As National Statistician, I have been asked to reply to your recent Parliamentary Question regarding the pay gap between (a) women working full-time, (b) women working part-time, (c) women with dependent children, (d) ethnic minorities, (f) workers aged 50 years or over, (g) workers with disabilities and (h) those with the lowest qualifications and the hourly median earnings for men in each year since 1997. (126513)
Average levels of earnings are estimated from the Annual Survey of Hours and Earnings (ASHE), and are provided for employees on adult rates of pay whose pay for the survey period was not affected by absence. This is the standard definition used for ASHE. The ASHE does not collect information on the self employed and people who do unpaid work.
Analyses for women with dependent children, ethnic minorities, workers with disabilities, and by qualification are not available from ASHE. The Labour Force Survey (LFS) does collect this information, but in the form requested it is not readily available and could only be obtained at disproportionate cost.
The attached table shows median gross hourly earnings excluding overtime and the pay gap, for full-time females, part-time females and all employees aged over 50, compared to the median gross hourly earnings excluding overtime for full-time men.
The ASHE, carried out in April each year, is the most comprehensive source of earnings information in the United Kingdom. It is a one per cent sample of all employees who are members of pay-as-you-earn (PAYE) schemes.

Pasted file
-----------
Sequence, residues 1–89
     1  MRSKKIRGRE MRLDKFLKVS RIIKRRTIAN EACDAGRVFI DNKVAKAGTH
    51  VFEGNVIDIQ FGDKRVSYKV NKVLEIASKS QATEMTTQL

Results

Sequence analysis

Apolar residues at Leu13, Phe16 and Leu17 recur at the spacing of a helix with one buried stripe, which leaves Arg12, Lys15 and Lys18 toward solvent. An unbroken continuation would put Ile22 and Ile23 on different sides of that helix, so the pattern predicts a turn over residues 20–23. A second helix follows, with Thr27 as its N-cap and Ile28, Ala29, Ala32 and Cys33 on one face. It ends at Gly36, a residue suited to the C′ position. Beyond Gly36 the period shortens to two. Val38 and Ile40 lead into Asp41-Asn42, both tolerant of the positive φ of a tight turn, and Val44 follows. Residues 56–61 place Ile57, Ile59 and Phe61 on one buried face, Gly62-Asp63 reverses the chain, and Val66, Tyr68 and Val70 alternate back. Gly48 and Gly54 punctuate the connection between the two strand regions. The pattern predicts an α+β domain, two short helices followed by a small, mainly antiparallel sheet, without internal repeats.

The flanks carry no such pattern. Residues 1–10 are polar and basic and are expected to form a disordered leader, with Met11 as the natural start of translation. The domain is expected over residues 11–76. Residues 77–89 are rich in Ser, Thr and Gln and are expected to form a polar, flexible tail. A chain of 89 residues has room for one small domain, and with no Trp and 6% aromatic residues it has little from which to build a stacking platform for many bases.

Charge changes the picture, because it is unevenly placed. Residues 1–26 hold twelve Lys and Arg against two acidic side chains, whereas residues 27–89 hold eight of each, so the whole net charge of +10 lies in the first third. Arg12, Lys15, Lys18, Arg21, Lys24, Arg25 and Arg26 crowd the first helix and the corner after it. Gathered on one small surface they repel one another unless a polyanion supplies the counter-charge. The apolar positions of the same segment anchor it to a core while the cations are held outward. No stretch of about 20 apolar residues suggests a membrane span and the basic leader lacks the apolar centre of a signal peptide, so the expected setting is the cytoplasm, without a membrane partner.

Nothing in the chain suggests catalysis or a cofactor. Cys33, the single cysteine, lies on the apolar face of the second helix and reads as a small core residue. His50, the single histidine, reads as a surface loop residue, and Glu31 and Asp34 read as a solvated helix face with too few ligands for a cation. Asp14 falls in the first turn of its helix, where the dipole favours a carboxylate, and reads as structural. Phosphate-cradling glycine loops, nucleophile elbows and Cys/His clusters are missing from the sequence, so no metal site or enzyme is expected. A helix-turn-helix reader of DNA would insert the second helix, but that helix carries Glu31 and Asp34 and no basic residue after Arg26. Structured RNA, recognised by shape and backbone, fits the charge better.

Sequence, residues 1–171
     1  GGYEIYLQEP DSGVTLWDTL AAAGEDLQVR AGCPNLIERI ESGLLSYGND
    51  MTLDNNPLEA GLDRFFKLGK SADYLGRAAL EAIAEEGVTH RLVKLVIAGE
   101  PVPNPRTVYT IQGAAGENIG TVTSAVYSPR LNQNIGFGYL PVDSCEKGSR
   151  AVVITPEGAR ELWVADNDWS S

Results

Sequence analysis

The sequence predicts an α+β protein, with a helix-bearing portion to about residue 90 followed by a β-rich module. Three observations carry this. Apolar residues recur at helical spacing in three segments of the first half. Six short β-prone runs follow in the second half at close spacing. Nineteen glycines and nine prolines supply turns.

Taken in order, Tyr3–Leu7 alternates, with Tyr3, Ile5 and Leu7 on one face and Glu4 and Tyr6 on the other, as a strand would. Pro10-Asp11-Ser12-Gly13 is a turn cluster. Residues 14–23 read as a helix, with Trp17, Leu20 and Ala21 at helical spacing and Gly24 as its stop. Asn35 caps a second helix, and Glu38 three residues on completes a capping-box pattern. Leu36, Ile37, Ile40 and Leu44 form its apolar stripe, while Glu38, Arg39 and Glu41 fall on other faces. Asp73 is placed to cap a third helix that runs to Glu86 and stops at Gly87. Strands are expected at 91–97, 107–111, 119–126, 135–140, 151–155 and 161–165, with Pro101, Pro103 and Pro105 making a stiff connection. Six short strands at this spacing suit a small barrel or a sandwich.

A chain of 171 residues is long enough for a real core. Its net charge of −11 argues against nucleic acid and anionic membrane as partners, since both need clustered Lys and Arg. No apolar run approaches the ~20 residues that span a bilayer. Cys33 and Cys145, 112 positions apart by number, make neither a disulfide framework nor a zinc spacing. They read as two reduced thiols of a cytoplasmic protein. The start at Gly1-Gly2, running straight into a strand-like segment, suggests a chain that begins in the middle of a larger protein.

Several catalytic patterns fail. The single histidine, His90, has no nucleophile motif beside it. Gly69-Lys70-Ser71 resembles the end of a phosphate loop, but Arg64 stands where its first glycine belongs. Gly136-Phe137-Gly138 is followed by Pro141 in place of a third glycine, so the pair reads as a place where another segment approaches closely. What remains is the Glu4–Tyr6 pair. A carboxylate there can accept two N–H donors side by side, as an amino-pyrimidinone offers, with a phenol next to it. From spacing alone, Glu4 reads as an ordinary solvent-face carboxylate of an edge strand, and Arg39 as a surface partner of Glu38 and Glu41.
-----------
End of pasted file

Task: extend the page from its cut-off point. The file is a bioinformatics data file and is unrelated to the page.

|Gender pay gap, United Kingdom|
|Median gross hourly earnings excluding overtime( a)|
|Full-time male||Full-time female||Part-time female||Employees aged 50+|
|£||£||Pay gap( b)||£||Pay gap( b)||£||Pay gap( b)|
(a) Employees on adult rates whose pay for the survey pay-period was not affected by absence.
(b) The percentage difference between the relevant hourly pay, and that of full-time males.
(c) In 2004, additional supplementary surveys were introduced to improve the coverage of the Annual Survey of Hours and Earnings. Figures are presented both excluding and including the additional surveys for comparison purposes.
Guide to quality:
The Coefficient of Variation (CV) indicates the quality of a figure, the smaller the CV value, the higher the quality.
The true value is likely to lie within +/- twice the CVfor example, for an average of 200 with a CV of 5 per cent., we would expect the population average to be within the range 180 to 220.
All of the figures on this table have a CV of less than 5 per cent.
The median is the value below which 50 per cent. of employees fall. It is preferred over the mean for earnings data as it is influenced less by extreme values and because of the skewed distribution of earnings data.
Annual Survey of Hours and Earnings, Office for National Statistics.